By Umer Ali
When getting married, a typical Pakistani man while looking for a beautiful wife who is compatible to his nature, also want her to be a virgin. He doesn’t care as much about her education, her family background, and her habits or even the way she communicates as much as he does for her virginity. The question here must be that why is he so obsessed with a girl’s virginity? Why does he want nothing but an intact hymen while marrying?
The problem is not only with Pakistani society. It expands to Arabian and African countries as well. While Non-Muslims under this mania might have their own reasons, the purpose a Muslim has behind this fascination is mainly religious and patriarchy.
“Unclean women are for unclean men, and unclean men are for unclean women; and pure women are for pure men, and pure men are for pure women. They are free from the slanderer’s accusations; for them there shall be forgiveness and honorable provision from Allah”, says Quran in Surah An-Nur, Ayah 26. Following this ayah, a Muslim man thinks that he needs a pure woman as a wife assuming he himself is pure too. In his mind is the same ayah because he believes that being a momin himself, it is his right to have a wife who is untouched. Apart from that, most of the South Asian and African men consider themselves better than women. The existing patriarchal systems allow men to get away with literally everything while a small mistake committed by girl could bring her severe consequences, even death.
Although mindsets are changing, Negar Farshidi still believes that “It is still widely accepted that a groom can make his marriage conditional on the bride remaining a virgin, and cancel it if it turns out she isn’t. “ As sickening as it seems, men create an egoistic issue out of it and having a virgin wife is a matter of honor and pride for them. In some parts of Pakistan and Iran, a bloodstained bed sheet is considered as an evidence of girl’s virginity and elders of the couple congratulate each other after seeing it.
There are lots of cases when marriage was annulled because the wife didn’t turn out to be a virgin. One such case came in spotlight when a French court declared a Muslim couple’s marriage void because she wasn’t a virgin and admitted to having sex with someone else before her wedding. Another of many cases making it to the news was of Indonesian Police, while recruiting women, made it compulsory for them to be virgin and even conducted virginity tests.
While all this is happening, females face worst kind of discrimination and coldblooded treatment in the name of Female Genitals Mutilation. Considered as severe violation of rights, this practice causes serious physical and psychological effects and is currently linked to as much as 30 countries mainly located in African and Middle Eastern region.
This stark act involves cutting a girl’s clitoris with a knife. While some consider it as a religious ritual, others think it is important for her virginity and thus preserves a family’s honor. In a documentary made on FGM practiced in Iran, one of the cutters said, “It needs to be done otherwise a girl would have so much sexual desire it would be scandalous”.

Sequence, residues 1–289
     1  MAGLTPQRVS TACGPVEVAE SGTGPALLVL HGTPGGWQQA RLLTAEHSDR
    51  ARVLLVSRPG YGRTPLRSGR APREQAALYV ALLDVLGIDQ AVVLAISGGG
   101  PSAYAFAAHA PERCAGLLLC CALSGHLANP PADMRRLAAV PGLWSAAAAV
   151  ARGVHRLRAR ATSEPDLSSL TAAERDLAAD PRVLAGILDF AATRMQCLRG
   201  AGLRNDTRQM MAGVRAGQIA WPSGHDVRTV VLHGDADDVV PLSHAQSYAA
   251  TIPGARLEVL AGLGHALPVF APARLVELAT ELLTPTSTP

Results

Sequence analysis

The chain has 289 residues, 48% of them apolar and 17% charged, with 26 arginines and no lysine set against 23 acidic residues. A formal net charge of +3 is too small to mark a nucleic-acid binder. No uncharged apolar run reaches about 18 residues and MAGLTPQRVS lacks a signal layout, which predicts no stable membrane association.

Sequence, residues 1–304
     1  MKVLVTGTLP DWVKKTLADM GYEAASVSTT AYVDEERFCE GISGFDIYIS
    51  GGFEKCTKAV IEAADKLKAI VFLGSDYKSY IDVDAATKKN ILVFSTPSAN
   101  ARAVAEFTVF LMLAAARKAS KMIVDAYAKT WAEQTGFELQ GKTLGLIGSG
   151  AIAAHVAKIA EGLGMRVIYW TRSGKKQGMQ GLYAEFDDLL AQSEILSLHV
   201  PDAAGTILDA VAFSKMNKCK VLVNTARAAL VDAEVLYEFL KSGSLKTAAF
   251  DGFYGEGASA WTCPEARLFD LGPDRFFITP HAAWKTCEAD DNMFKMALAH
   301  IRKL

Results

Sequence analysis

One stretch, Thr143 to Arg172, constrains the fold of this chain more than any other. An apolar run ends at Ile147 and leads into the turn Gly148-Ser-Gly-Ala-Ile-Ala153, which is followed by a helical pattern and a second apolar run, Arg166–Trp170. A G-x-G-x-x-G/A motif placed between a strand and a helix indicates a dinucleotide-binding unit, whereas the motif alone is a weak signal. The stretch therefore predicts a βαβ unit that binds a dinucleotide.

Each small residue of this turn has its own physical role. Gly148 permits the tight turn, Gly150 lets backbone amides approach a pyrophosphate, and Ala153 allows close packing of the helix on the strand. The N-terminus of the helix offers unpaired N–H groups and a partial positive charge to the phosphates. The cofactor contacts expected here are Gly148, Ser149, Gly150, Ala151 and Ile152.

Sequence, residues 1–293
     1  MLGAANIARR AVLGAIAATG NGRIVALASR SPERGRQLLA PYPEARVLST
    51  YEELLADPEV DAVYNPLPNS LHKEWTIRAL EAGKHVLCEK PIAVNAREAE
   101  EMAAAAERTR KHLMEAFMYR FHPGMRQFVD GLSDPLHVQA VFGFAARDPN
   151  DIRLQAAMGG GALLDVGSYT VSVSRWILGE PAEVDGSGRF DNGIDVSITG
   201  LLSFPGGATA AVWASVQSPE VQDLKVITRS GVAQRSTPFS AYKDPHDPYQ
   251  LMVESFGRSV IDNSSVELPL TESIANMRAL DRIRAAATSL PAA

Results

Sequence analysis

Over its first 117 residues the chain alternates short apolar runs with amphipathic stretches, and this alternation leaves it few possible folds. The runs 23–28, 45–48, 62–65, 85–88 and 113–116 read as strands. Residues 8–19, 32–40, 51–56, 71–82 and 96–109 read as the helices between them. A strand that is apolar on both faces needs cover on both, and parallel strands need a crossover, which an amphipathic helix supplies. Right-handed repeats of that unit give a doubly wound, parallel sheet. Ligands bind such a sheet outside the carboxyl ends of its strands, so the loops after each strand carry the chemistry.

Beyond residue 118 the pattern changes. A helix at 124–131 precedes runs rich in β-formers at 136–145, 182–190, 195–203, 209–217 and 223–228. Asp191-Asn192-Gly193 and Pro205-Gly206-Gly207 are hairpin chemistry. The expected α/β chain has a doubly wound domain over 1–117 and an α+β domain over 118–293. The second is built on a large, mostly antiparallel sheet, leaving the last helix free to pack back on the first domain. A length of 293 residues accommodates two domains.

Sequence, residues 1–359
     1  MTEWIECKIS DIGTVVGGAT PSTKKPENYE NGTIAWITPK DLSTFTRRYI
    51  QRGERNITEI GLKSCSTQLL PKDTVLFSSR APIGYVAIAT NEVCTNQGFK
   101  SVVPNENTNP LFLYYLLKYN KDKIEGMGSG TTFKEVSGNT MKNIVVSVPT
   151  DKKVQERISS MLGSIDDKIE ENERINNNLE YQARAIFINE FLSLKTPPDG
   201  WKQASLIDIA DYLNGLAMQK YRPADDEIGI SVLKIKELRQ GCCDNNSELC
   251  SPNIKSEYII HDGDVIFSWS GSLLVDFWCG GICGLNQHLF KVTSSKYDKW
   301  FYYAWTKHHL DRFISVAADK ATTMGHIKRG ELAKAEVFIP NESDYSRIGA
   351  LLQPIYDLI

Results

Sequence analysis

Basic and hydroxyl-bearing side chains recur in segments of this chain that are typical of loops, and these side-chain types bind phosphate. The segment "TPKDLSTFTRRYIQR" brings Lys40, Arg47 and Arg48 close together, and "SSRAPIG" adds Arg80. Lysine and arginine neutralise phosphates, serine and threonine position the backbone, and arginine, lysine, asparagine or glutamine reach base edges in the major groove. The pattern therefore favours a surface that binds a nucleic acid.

The concern here is that a girl’s character is judged by a bloodstained bed sheet. If it doesn’t have blood on it, she definitely isn’t a good person and must have slept with someone else. This gross judgment based on an equally gross method may even lead to her death; all done in order to preserve the integrity and completely forgetting the scientific fact that some girls never bleed. While these medieval practices are still common with new, advanced ways of checking if a girl’s hymen is broken, how can one be sure that it’s always girl’s bad character or pre-marital relations and not the result of an accident? More importantly, there is no technique to check a male’s virginity. While he aspires an untouched wife and confirms it through tests, how can he guarantee his own purity?
The problem seems to be deeply rooted in Muslim society. We are lured into imagining 72 virgins who are waiting for us in the life after. While lust for these 72 virgins had numerous young men doing suicide attacks, it affected the mindsets of others as virginity is considered something important and chaste. This gets worse when clerics like Tariq Jamil picture the graphic details of women of paradise, taking the young minds into the world of enjoyable fantasies.
This grave crisis we face is a continuation of other inhumanly practices existing in our society. Either settling scores or seeking revenge, women are the one targeted. Satti in one case, vani in the other. We need to come out and openly denounce these practices to eradicate the issues our society face. We must condemn the barbaric acts like FGM and create the awareness that virginity is nothing but a perception and there is more to marriage and women than their virginity.